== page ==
Russian opposition leader Alexei Navalny, during his February 2 trial, again accused Russian President Vladimir Putin of attacking him with novichok poison, and unrightfully prosecuting him.
“I inflicted deadly resentment on him by surviving with the help of good people, pilots, and doctors; by not hiding behind a security guard in a bunker; and then something even more horrible happened – I took part in an investigation into my own poisoning, showed and proved that Putin carried out EFSB, ‘An attack to kill me,'” Alexei Navalny told the court on Tuesday. He also denounced Putin as “Putin the Poisoner.”
The court had to determine whether real custody should be replaced by probation in the old case, which is widely regarded as politically motivated. Throughout the hearing, the Kremlin critic ridiculed the claims that he broke his parole while 5 months in recovery from being poisoned.
The world is outraged by Navalny’s arrest, which was followed by protests by tens of thousands of people across Russia on Sunday – the largest anti-government protests in a decade. Among the people detained during Sunday’s protests was Navalny’s wife Yulia. Navalny joked as she waved at him in the courtroom: “I saw you on TV in my cell. They say that you are constantly violating public order. Bad girl! But I’m proud of you.”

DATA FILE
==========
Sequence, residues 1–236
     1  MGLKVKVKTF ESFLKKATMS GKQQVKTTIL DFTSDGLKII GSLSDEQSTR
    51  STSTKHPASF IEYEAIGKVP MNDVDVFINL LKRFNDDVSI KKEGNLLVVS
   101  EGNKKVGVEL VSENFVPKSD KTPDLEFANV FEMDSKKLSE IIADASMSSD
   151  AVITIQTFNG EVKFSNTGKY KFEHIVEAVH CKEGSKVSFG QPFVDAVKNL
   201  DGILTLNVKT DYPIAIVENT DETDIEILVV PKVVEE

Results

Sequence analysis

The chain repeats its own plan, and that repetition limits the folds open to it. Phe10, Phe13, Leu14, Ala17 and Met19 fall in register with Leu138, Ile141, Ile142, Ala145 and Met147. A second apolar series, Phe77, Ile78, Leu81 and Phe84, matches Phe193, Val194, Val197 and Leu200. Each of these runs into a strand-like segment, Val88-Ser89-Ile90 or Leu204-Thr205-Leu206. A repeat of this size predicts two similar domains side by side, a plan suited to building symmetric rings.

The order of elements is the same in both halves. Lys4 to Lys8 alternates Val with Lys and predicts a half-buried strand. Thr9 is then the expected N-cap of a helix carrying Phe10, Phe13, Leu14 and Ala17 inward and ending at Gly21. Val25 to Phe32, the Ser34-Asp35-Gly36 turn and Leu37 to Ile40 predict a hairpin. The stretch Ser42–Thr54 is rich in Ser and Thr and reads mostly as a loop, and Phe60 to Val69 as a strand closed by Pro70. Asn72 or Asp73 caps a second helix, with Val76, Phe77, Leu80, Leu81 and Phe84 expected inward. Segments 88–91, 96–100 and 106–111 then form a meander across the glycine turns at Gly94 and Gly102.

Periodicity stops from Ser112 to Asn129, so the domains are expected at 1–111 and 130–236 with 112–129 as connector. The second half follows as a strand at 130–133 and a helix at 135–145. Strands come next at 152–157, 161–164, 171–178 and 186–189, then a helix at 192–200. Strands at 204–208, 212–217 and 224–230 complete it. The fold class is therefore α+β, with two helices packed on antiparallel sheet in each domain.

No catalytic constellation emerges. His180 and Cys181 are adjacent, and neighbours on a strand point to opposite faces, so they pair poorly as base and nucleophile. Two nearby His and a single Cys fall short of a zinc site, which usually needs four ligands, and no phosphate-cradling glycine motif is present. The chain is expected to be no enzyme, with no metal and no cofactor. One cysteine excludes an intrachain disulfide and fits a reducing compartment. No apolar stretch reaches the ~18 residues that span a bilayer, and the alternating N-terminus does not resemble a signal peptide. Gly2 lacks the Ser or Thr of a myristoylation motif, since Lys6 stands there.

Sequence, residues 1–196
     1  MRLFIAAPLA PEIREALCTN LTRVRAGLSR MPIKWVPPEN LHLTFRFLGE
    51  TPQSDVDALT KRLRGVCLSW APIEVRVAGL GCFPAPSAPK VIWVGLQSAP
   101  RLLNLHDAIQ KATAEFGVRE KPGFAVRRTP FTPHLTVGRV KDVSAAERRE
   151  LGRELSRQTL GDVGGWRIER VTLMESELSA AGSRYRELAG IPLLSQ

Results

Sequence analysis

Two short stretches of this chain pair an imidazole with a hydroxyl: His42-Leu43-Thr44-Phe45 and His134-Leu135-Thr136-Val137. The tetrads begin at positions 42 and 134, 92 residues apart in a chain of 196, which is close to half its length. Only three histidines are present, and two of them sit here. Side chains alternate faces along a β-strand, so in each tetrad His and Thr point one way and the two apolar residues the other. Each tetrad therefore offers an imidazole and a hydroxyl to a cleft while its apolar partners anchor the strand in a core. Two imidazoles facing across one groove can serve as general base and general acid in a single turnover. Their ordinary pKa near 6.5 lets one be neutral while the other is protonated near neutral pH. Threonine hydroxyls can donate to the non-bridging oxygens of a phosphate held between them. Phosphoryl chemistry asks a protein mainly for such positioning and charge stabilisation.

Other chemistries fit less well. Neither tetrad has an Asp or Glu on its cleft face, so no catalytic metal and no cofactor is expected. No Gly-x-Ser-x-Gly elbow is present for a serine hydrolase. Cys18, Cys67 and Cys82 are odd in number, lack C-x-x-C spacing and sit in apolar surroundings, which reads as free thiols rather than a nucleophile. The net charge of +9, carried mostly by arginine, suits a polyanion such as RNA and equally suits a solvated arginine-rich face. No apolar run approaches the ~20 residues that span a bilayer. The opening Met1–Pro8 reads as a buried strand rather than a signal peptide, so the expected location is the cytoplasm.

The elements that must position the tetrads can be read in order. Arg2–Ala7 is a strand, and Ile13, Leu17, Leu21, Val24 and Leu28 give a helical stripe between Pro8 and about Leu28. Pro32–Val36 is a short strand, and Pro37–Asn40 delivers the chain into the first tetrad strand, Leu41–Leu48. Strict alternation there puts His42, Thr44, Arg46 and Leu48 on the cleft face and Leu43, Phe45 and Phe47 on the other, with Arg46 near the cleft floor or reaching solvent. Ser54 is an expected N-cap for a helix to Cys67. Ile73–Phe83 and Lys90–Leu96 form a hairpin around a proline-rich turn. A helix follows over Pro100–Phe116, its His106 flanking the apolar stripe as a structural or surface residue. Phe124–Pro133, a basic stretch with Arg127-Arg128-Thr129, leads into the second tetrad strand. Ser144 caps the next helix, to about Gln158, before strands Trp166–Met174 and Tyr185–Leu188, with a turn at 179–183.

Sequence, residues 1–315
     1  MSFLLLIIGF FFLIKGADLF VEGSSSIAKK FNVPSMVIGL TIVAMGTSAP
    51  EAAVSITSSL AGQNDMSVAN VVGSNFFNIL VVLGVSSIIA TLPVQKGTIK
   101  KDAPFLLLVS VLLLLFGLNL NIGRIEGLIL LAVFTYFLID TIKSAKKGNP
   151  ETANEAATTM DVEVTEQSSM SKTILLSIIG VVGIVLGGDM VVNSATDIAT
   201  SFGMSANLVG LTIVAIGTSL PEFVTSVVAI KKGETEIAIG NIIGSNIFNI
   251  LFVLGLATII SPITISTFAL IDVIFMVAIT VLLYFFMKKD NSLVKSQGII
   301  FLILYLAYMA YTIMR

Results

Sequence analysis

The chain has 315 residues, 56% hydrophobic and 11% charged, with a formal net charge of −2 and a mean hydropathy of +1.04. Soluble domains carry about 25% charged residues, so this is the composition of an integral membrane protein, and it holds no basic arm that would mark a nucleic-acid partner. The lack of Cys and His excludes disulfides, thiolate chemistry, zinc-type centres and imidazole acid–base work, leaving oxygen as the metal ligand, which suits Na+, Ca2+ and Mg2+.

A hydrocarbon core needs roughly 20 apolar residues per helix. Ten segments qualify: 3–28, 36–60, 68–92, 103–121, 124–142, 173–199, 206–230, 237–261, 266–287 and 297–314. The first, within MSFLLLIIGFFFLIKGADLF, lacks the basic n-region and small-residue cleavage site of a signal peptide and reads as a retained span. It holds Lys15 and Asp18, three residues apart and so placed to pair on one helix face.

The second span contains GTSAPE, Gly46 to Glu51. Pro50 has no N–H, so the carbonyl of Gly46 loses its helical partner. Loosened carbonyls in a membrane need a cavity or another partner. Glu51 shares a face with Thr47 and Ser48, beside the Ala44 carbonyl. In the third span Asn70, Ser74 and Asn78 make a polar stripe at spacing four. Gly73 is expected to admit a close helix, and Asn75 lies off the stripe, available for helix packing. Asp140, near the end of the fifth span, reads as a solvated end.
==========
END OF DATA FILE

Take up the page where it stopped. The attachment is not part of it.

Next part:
“I’m going to continue to fight. I’m going to continue to fight you. I’m not going to fear you,” the opposition leader told Judge Natalia Repnikova in Moscow City Court.
“This is not a demonstration of strength. It is a demonstration of weakness,” said Navalny, stating that Russians will not be scared off because of his trial.
The independent watchdog OVD-Info reported that more than a hundred people had been arrested near the courthouse and nearby streets.
After a few hours of consideration, the court decided to send Navalny to prison for more than two and a half years.
By Nini Dakhundaridze